We’re witnessing the fall of another autocrat, this time in the northern African country of Tunisia. The (as of earlier today) former president, Zine al-Abidine Ben Ali, has stepped down amidst worsening violence and protests, ending 23 years of autocrat rule. The BBC reports:
Tunisia’s president has stepped down after 23 years in power amid unprecedented protests on the streets of the capital Tunis.
Prime Minister Mohammed Ghannouchi said he would be taking over from President Zine al-Abidine Ben Ali. A state of emergency has been declared amid protests over corruption, unemployment and rising prices.
BBC sources say Mr Ben Ali has flown to the Mediterranean island of Malta, but this has yet to be confirmed.
Earlier, police fired tear gas as thousands of protesters gathered outside the interior ministry.
Doctors say that 13 people were killed in overnight clashes in Tunis, and there are unconfirmed reports that five people have been killed in protests on Friday outside the capital.
Troops have surrounded the country’s main international airport, Tunis Carthage, and the country’s air space has been closed.
In an address on state television, Mr Ghannouchi said: “Since the president is temporarily unable to exercise his duties, it has been decided that the prime minister will exercise temporarily the duties.”
Tunisia’s President Zine al-Abidine Ben Ali addresses the nation in this still image taken from video, January 13, 2011. Zine al-Abidine Ben Ali was only Tunisia’s second president since independence from France in 1956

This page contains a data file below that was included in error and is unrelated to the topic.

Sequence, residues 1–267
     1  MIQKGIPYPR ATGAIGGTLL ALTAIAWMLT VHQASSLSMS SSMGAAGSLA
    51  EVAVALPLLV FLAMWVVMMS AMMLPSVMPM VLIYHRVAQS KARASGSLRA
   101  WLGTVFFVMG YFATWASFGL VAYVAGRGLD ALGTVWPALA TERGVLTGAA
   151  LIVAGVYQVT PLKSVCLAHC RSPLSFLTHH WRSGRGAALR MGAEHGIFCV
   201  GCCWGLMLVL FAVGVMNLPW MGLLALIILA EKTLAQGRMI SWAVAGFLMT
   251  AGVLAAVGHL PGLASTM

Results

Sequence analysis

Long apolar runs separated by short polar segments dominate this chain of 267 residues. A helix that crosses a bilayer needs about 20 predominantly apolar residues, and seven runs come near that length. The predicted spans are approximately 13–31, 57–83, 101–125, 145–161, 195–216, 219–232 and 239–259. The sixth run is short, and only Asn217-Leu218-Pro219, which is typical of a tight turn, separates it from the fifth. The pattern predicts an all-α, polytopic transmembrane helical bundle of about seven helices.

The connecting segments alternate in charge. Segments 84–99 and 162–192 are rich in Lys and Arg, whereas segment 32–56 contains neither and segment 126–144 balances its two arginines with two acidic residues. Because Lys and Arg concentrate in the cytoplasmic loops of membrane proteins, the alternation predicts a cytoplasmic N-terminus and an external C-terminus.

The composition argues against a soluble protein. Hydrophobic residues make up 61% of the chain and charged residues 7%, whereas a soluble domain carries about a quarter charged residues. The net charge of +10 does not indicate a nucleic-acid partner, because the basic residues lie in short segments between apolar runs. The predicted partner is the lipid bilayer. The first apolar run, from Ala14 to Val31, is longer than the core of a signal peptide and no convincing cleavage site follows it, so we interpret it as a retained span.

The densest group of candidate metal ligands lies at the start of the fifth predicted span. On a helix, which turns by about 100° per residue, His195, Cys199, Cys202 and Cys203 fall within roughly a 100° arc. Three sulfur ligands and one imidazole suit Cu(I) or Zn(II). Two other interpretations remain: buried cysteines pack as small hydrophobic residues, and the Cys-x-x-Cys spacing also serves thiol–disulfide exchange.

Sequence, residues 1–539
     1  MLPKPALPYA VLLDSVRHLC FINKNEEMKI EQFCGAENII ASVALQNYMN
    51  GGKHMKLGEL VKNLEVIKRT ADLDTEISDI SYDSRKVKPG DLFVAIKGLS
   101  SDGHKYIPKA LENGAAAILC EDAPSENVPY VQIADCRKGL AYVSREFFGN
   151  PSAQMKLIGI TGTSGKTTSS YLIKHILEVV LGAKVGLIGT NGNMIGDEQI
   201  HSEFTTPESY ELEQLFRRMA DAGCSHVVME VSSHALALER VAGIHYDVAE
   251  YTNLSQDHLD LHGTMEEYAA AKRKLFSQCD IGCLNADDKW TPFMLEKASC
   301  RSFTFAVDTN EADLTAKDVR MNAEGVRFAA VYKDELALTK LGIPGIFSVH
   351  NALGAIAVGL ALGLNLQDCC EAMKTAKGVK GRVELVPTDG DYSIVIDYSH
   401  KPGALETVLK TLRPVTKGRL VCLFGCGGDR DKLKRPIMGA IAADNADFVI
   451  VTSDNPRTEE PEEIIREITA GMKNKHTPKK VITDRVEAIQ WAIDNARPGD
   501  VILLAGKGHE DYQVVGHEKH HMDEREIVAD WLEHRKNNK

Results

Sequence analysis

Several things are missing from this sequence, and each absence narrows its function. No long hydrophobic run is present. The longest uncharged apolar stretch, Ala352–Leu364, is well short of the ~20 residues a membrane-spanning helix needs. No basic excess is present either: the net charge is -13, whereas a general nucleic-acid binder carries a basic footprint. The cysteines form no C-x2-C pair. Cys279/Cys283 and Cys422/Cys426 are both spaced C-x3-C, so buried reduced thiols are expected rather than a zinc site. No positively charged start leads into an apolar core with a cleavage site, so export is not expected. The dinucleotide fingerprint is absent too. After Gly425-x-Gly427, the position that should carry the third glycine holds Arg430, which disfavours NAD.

Mr Ghannouchi, 69, a former finance minister who has been prime minister since 1999, will serve as interim president. Earlier, the president – who had said in a TV address on Thursday night that he would relinquish power in 2014 – said he was dismissing the government and dissolving parliament, and that new elections would be held within six months.
The state of emergency decree bans more than three people from gathering together in the open, and imposes a night-time curfew. Security forces have been authorised to open fire on people not obeying their orders. Human rights groups say dozens of people have died in recent weeks as unrest has swept the country and security forces have cracked down on the protests.
The protests started after an unemployed graduate set himself on fire when police tried to prevent him from selling vegetables without a permit. He died a few weeks later.
If Tunisia manages to use this moment as the springboard towards democratisation, it would be only the second true democracy in the Middle East/North Africa. According to the Freedom House organisation, that region of the world is the least democratic, as the map below demonstrates